I thought this chart was really interesting and worth highlighting, particularly given I’ve been writing a lot about emerging markets recently. The reason I highlight this chart is because in October the emerging markets composite manufacturing PMI rebounded to a 5-month high. Now it is important to note that this is a relatively volatile index month-to-month and ideally we’d like to see another stronger or at least stable month to confirm… but this is a really promising sign. The worst case scenario for EM from an indicator perspective would have been to see a precipitous and unabated decline and breakdown through the 50-point mark which delineates economic expansion vs contraction. In short – it looks like EM has stopped slowing.
Emerging markets have taken a beating this year on the back of softer China growth, the trade wars, a stronger USD, and Fed tightening… along with a few idiosyncratic issues (Turkey, Argentina, et al). While I think EM still faces a number of headwinds in the short term I wanted to highlight a few longer term charts on the representation of emerging markets on the global economic stage, global equity markets, and portfolio allocations.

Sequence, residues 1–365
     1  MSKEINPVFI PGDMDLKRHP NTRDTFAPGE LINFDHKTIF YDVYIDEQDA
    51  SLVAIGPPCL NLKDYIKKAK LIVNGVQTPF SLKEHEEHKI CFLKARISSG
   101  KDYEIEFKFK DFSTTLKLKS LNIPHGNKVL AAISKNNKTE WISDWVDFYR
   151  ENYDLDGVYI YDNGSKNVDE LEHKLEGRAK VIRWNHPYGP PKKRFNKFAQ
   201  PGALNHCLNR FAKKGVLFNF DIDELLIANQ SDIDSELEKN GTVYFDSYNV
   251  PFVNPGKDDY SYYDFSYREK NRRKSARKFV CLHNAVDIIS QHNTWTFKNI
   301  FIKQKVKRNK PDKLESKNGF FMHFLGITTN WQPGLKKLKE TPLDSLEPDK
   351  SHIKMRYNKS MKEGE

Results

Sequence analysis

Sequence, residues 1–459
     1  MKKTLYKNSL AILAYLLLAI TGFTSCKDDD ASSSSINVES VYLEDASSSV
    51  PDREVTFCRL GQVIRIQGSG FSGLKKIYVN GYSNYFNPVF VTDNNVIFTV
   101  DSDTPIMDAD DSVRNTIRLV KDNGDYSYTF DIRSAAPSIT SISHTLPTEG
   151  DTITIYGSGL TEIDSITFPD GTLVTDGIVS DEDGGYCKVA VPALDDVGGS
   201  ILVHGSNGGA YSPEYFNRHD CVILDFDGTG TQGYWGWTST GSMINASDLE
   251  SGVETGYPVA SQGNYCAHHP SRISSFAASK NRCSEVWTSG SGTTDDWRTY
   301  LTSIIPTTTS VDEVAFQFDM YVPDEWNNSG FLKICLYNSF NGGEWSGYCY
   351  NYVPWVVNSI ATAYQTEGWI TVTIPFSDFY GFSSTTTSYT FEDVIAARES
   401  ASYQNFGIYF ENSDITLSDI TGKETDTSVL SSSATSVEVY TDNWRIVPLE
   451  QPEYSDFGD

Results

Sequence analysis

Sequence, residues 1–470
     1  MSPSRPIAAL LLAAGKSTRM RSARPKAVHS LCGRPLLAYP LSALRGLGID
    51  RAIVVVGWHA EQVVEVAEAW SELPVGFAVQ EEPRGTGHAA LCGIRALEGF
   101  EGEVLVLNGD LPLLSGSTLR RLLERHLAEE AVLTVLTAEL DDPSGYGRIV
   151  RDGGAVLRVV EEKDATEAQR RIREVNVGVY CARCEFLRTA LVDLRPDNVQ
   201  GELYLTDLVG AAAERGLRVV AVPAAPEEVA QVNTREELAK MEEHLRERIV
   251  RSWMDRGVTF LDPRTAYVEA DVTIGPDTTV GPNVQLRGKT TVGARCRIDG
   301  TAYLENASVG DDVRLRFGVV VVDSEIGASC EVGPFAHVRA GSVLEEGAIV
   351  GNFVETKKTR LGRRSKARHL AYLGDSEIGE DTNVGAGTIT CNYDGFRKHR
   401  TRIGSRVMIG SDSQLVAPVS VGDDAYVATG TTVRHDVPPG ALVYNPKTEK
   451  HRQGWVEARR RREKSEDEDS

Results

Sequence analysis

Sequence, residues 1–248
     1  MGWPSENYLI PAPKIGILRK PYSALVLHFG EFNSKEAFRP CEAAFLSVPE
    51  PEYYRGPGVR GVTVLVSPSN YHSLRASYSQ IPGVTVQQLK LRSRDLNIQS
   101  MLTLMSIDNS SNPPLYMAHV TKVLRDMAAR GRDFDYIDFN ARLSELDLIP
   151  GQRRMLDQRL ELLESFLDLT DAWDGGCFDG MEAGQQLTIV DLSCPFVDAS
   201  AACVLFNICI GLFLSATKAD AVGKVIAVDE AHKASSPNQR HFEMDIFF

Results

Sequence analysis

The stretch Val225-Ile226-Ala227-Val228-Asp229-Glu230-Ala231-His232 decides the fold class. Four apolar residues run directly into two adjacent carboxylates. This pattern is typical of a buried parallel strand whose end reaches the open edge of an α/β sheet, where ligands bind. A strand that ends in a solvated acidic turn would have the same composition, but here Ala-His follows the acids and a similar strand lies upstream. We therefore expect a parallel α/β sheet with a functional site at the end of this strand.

There’s a lot of debate around emerging markets, even with issues like what’s the difference between EM and DM, And invariably EM assets fall in and out of favor through the cycle like any freely traded asset market. But there are a couple of key structural trends that don’t appear likely to change any time soon, and will only continue to grow in importance.
1. EM vs DM – Share of World GDP: First of these key trends is the rise of emerging markets on the global economic stage. Around the time of the financial crisis, not only was there great upheaval in global financial markets, but there was a perhaps little noticed moment of history where emerging markets took the lead. From about 2008 onward EM took over as the dominant share of world GDP. This is a key event in economic history and will have wide reaching implications for the path of economic growth, volatility, and capital market opportunities.